Daryl Hannah got arrested yesterday while blocking TransCanada’s construction of its Gulf Coast tar-sands pipeline. But the more interesting story is that Eleanor Fairchild was arrested, too.

Tar Sands Blockade
Eleanor Fairchild, a 78-year-old grandmother and landowner.

Who’s Eleanor Fairchild? No one you’ve heard of. The important part isn’t who she is, it’s why she was arrested and where she was when it happened. Fairchild was arrested for trespassing. And when it happened, she was standing on her own property.

From CBS News:

Hannah and landowner Eleanor Fairchild were standing in front of heavy equipment in an attempt to halt construction of the Keystone XL pipeline on Fairchild’s farm in Winnsboro, a town about 100 miles east of Dallas. They were arrested for criminal trespassing and taken to the Wood County Jail, Bassis said. Hannah also faces a charge of resisting arrest, according to jail records.

Let’s repeat that: Eleanor Fairchild, 78, was arrested for standing on her own property.

The pipeline being built is the last stretch of a connection from Alberta to the Gulf Coast. After the government signed off on construction, TransCanada moved quickly to secure right-of-way. In the process, it has faced strong resistance from landowners. Even some who signed lease deals with TransCanada believe the company  misrepresented its intent. And when landowners wouldn’t sign deals, TransCanada successfully persuaded Texas to seize private land for the project.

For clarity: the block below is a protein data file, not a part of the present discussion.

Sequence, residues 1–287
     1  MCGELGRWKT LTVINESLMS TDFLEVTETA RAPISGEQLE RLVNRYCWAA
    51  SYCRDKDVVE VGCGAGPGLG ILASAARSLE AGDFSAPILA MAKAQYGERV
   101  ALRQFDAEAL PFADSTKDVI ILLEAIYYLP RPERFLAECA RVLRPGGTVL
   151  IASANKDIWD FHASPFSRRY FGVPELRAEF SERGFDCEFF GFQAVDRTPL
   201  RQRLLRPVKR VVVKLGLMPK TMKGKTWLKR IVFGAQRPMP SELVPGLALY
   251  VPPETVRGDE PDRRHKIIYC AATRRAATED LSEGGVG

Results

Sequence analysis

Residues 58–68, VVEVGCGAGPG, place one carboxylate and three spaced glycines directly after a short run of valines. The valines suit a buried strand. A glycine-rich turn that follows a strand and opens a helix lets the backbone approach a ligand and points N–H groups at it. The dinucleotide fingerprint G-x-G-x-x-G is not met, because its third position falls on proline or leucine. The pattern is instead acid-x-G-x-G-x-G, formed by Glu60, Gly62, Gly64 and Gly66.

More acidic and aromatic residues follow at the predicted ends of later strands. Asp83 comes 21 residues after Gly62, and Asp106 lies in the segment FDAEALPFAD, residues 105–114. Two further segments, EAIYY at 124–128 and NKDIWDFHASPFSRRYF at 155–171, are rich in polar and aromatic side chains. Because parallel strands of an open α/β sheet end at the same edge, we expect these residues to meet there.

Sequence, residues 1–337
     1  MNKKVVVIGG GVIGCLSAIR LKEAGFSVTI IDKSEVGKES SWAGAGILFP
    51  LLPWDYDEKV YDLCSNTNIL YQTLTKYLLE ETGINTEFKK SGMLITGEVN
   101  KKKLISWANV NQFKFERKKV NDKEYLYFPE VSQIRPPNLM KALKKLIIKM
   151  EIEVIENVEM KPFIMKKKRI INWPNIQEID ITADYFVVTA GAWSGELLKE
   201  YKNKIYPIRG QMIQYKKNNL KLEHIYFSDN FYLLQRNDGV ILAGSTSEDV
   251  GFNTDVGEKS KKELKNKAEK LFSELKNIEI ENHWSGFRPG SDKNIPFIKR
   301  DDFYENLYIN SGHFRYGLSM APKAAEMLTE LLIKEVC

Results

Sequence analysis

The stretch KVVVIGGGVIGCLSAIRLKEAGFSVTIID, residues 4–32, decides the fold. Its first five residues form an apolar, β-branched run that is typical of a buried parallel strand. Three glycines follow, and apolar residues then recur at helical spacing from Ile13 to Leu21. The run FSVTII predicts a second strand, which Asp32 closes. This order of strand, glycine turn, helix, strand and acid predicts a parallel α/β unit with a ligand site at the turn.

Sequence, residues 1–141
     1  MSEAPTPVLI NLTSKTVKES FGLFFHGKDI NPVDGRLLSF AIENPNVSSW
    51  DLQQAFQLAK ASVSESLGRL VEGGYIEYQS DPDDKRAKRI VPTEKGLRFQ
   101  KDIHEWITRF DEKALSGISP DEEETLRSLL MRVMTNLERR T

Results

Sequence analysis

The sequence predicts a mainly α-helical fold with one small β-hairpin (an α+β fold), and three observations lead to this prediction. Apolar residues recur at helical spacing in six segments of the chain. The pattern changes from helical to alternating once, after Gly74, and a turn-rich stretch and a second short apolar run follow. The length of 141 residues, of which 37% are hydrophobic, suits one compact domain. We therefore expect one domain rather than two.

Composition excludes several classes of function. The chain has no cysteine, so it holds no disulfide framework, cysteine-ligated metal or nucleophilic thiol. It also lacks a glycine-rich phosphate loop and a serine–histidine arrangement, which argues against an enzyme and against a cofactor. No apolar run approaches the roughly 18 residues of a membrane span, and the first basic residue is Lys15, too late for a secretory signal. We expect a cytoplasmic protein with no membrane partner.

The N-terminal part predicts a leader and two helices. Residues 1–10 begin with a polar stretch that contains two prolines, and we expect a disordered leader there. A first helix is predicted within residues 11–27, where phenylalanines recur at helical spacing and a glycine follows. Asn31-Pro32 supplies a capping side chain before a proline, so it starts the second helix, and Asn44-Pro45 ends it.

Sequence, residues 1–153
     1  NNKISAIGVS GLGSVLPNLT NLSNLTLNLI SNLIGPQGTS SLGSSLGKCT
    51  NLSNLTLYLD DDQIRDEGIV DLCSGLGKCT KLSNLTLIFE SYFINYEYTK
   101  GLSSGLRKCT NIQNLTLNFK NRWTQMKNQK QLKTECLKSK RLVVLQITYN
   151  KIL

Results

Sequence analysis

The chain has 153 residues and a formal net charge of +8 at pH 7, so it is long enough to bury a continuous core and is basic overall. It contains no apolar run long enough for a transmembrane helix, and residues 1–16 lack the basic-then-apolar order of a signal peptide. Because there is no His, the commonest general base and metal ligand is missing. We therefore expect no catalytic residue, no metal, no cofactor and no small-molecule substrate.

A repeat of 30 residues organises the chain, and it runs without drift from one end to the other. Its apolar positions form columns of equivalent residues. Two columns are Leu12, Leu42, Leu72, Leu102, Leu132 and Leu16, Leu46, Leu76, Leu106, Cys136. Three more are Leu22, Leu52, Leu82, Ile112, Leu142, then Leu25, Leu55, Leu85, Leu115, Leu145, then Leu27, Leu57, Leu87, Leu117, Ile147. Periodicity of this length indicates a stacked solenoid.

That’s exactly what happened to Fairchild. According to TarSandsBlockade.org, Fairchild “never signed a contract with the Canadian pipeline company, who, in turn, proceeded to expropriate her ranch through Texas’ lax eminent domain legal proceedings.” In the eyes of the state of Texas, the land, condemned, isn’t Fairchild’s. Fairchild seems justifiably inclined to disagree.

Oh, and here’s what TransCanada had to say about the arrest.

“It is unfortunate Ms. Hannah and other out-of-state activists have chosen to break the law by illegally trespassing on private property,” David Dodson, a spokesman for TransCanada, said in an email. He also said protesters were “putting their own safety and the safety of others at risk.”

Yeah, those lousy out-of-state activists. It’s always those external agitators, isn’t it? A Texan would never object.